Canon Anthony Harvey, a former Sub-Dean of Westminster Abbey reviewed Jesus of Nazareth II for the Church Times. It’s worth looking at what he has understood about the Holy Father’s work.
He argues that the Pope’s proposal for a new reading of the New Testament combining the theological and historical-critical methods is a laudable one and is what made the first volume a well-received success.
Yet after accepting that the tone of Volume II, given its subject matter, was bound to be more reflective, Canon Harvey has a problem with Benedict XVI’s literal reading of the Gospels, for example:
“He takes Luke’s report of Jesus’s words to those crucified beside him (in which most scholars see the hand of Luke) as literal reporting — but how could anyone have heard them when they were looking on ‘from a distance’ (Luke 23.49)?”
This and other criticisms of the kind wish to point out that the Pope has failed in his desire to be both historically and theologically truthful – yet it is not necessarily so. To take issue with Luke’s Gospel seems strange, since it is the one that goes to most pains to shows its historical accuracy and Church tradition has held that since Luke’s Gospel contains the Bethlehem narrative, the Virgin Mary could well have been one of his sources – she was there under the cross too, so could that be where Luke got his quotes from?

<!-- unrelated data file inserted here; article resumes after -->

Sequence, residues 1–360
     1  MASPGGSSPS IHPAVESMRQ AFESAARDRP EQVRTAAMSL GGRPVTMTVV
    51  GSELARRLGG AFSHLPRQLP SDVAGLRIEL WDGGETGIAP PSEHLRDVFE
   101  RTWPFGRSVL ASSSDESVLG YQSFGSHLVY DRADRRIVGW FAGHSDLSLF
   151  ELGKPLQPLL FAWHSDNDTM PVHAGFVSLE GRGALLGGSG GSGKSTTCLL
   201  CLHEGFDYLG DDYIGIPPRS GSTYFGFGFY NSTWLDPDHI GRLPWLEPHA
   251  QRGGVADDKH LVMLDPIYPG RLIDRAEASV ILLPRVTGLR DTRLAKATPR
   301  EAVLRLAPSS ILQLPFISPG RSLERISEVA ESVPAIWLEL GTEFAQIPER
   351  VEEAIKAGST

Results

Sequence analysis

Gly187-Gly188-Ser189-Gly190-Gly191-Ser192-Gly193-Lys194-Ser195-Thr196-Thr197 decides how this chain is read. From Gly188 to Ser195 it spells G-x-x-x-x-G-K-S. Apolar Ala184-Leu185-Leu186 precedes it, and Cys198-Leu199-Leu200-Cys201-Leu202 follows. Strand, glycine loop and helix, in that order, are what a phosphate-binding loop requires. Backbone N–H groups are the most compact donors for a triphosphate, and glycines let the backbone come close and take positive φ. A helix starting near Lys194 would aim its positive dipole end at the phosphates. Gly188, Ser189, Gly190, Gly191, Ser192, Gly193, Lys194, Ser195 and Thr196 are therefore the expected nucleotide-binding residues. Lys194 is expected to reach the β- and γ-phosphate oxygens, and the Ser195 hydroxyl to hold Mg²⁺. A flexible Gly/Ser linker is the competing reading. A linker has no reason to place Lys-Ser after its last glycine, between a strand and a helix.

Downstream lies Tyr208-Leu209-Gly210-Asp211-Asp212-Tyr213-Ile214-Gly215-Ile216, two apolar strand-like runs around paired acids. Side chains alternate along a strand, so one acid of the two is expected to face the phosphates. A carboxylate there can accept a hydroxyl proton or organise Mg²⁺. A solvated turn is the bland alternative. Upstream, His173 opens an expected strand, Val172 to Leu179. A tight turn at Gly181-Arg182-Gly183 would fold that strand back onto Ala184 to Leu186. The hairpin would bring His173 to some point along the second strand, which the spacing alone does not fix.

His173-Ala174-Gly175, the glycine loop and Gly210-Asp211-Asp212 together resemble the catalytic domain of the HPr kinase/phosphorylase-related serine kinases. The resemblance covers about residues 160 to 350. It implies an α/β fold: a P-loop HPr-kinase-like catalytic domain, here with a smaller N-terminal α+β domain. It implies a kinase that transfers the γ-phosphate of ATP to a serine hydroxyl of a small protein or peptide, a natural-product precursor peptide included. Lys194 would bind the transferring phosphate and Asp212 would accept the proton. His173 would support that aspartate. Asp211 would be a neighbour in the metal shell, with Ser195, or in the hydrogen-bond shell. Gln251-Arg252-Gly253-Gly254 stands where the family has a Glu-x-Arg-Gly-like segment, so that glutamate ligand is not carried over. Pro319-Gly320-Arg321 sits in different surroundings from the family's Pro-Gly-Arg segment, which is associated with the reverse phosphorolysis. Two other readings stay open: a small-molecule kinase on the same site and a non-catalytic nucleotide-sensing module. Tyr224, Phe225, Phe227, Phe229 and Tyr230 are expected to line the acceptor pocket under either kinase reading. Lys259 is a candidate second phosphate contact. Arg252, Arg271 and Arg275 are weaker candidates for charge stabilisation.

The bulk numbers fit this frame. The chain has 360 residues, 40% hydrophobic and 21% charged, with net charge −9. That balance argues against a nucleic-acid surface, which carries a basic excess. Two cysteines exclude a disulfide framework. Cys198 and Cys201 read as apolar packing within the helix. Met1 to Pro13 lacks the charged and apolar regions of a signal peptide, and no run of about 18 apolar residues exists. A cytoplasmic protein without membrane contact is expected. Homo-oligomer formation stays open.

“In general, the Pope seems to assume the literal truth of the narrative. He accepts without question that the heavy curtain before the temple was literally rent in two at the moment of Jesus’s crucifixion, even though this was evidently seen as a metaphor.”
It seems then, that if one accepts the Gospels to be historical as well as theological one is not being “critical” enough. Surely it is more likely that the understanding of large swathes of the Gospels as “metaphor” happened after centuries of exegesis had taken place, not before?
The plus side
Yet the former Sub-Dean of Westminster Abbey does point out the book’s good sides too:
“The undoubted strength and appeal of the book is the firm anchoring of the narrative in a theological framework consisting of New Temple and Priesthood — New Passover ritual — New sacrificial Atonement — all rooted in Old Testament concepts and practices that are given new form and new life by Jesus.”
An anchoring that has been of undoubted service to all Christians and “Men of goodwill” who have been reading the book over the Easter period.
Of related interest: